Table 1: Ranking of Mayoral Candidates

Ranking Candidate
Ford Chow Tory Others













N = 1,385

Not surprisingly, the first place rankings in Table 1 fairly closely mirror the actual election outcome. Tory, who received 40.3% of the vote on election-day, was ranked highest among 45.1% of TES respondents. Ford was ranked first by a further 31.4% of respondents, which closely matches the 33.7% of votes he actually received. For her part, Chow was the most preferred candidate of 20.6% of Torontonians, and received 23.2% of the actual vote.

Another striking observation from Table 1 is that, among those who did not rank him first, Doug Ford performed extremely poorly. In fact, the brother of the outgoing mayor was ranked last (fourth) by many more respondents than were Chow and Tory combined. He was also the recipient of relatively few ‘second place’ rankings. Fewer than one in six voters who preferred a candidate other than Ford listed him as their second choice. In contrast, both Chow and Tory were the recipients of greater than one-third of second place votes. These patterns suggest strongly that Ford would not have fared well had the 2014 election been fought under a ranked ballot system.

So how would the result of the election have unfolded under ranked balloting?  Based upon the information from the same survey question used to create Table 1, we can speculate as to what the election result would have been.

Under ranked balloting, several rounds of counting may be necessary, depending on the system of ranked balloting employed for the election. Under a system similar to the one in San Francisco, if no candidate receives a majority of votes in the first round, the candidate who receives the fewest first place votes is removed from the candidate pool, and the second choice votes of those who ranked them first are counted. This process continues until a candidate reaches 50% + 1 vote. Table 2 shows the result of this process in the case of the 2014 mayoral election.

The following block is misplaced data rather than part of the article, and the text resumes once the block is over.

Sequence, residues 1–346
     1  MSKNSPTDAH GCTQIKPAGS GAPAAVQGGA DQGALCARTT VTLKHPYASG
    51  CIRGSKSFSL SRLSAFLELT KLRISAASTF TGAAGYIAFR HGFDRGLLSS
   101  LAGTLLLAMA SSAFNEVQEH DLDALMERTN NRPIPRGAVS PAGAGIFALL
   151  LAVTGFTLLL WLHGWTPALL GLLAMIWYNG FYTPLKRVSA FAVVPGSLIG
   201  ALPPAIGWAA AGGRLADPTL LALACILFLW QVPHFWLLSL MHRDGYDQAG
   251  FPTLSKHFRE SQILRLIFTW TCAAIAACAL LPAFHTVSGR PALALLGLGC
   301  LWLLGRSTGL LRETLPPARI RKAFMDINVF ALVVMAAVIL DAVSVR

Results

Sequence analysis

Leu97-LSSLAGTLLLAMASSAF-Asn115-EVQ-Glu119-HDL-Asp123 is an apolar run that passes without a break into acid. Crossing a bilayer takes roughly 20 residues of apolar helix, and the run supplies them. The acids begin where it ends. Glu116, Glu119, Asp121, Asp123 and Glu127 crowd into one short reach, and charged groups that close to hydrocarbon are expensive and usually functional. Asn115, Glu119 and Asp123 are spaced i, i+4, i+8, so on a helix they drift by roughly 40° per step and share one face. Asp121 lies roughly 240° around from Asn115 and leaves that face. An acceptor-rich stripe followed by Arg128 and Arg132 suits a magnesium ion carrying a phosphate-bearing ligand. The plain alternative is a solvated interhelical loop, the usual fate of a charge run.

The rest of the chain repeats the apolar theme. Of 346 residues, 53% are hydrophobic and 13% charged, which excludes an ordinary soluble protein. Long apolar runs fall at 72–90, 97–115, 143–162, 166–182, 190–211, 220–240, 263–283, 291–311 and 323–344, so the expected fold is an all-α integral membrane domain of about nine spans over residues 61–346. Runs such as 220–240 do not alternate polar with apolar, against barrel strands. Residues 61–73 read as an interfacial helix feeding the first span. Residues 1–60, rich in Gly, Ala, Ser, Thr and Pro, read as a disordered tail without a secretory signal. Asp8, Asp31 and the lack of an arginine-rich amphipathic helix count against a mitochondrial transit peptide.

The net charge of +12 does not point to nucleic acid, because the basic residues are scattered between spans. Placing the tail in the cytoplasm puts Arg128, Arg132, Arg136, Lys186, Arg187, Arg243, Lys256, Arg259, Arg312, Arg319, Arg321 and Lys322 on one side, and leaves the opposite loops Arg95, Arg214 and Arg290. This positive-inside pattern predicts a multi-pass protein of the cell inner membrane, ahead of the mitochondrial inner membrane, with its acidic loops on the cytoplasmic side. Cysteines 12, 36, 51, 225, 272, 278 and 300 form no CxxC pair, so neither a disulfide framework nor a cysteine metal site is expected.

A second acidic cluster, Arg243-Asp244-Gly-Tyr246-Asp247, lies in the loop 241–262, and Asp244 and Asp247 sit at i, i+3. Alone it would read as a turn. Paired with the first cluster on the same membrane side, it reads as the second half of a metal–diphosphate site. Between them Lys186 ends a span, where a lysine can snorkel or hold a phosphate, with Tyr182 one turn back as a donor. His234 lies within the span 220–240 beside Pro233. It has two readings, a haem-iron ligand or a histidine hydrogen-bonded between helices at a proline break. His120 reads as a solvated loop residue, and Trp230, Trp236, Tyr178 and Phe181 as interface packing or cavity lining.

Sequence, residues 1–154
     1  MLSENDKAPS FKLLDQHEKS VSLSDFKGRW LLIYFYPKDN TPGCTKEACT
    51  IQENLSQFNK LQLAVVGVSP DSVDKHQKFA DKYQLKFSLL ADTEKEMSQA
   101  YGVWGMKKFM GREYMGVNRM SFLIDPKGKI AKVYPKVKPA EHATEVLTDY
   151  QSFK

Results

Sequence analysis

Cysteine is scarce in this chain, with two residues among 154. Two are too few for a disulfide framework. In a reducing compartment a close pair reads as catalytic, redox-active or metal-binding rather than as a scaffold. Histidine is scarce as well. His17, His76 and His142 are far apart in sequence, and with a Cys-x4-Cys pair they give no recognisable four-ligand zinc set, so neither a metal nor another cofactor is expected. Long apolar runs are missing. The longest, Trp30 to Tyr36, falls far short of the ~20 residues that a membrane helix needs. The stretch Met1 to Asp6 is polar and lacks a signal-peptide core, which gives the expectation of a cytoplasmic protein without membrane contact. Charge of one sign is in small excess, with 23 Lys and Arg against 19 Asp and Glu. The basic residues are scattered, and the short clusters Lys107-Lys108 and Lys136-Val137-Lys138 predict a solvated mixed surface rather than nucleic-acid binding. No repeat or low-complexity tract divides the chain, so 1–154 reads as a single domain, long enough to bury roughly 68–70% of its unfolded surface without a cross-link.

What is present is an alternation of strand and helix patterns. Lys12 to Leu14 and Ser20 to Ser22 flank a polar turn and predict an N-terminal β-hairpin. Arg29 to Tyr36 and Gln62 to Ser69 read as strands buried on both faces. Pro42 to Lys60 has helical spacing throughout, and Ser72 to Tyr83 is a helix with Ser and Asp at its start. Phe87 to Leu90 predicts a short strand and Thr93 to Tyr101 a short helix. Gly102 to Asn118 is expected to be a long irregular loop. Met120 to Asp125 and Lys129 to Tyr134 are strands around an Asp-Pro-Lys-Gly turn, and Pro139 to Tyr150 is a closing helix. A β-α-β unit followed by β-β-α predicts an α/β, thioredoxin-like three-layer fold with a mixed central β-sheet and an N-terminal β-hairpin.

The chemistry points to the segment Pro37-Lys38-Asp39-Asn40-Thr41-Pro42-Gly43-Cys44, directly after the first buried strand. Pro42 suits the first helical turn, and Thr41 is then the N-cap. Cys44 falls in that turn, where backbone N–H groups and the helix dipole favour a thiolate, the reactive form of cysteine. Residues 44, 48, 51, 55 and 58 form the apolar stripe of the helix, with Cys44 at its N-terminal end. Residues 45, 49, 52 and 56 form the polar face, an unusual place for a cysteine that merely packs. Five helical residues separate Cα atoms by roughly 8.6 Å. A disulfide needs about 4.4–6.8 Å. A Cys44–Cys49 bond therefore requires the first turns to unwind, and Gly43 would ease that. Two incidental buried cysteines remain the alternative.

Table 2: Ranked Balloting Results by Round





Round 1





Round 2




Round 3



N = 1,385

In this instance, multiple rounds of counting would be required, as no single candidate received greater than 50% support in the first round. After round 1 of counting, the ‘other’ category would be dropped, and the second place preferences of those voters would be reallocated to the other candidates. Note that we pool all ‘other’ candidates here, thus only require one round of counting to ‘drop’ them all. In reality, many more rounds of counting would be necessary to drop these candidates, as the 2014 contest included 65 contenders.

Based upon TES data, we can conclude with a high degree of certainty that John Tory would have won the 2014 Toronto mayoral election had the contest been fought under a ranked ballot electoral system. In the second round of counting all three minor candidates would receive a modest boost in support, as the second place votes of those who supported ‘other’ candidates are counted. No candidate would reach the 50% threshold, however. When Chow is eliminated in round three, however, Tory leaps past the 50% mark, receiving the support of 65.3% of electors, as compared to 34.7% for Ford.[1]

Though one can certainly imagine instances where election outcomes might hinge on the type of electoral system in place, the 2014 Toronto election is not such a case. It is hard to imagine an electoral system under which John Tory would not have won the 2014 Toronto election. His margin of victory, however, is even greater under ranked balloting than it was first-past-the-post system. Such a finding may help to explain the mayor’s dissatisfaction with council’s decision to abandon ranked balloting in advance of the 2018 election.


[1] Counting in the second round is straightforward, as we simply need to consider the second place votes among ‘other’ supporters. Round three calculations are somewhat more complex, however. In this round, the third place preferences of those who ranked ‘other’ first and Chow second would need to be counted (among this group, 13.6% ranked Ford third, while the remaining 86.4% assigned Tory a third place ranking).  The third place preferences of those who ranked Chow first and an ‘other’ candidate second must also be counted (in this instance 82.0% and 18.0% ranked Tory and Ford third, respectively.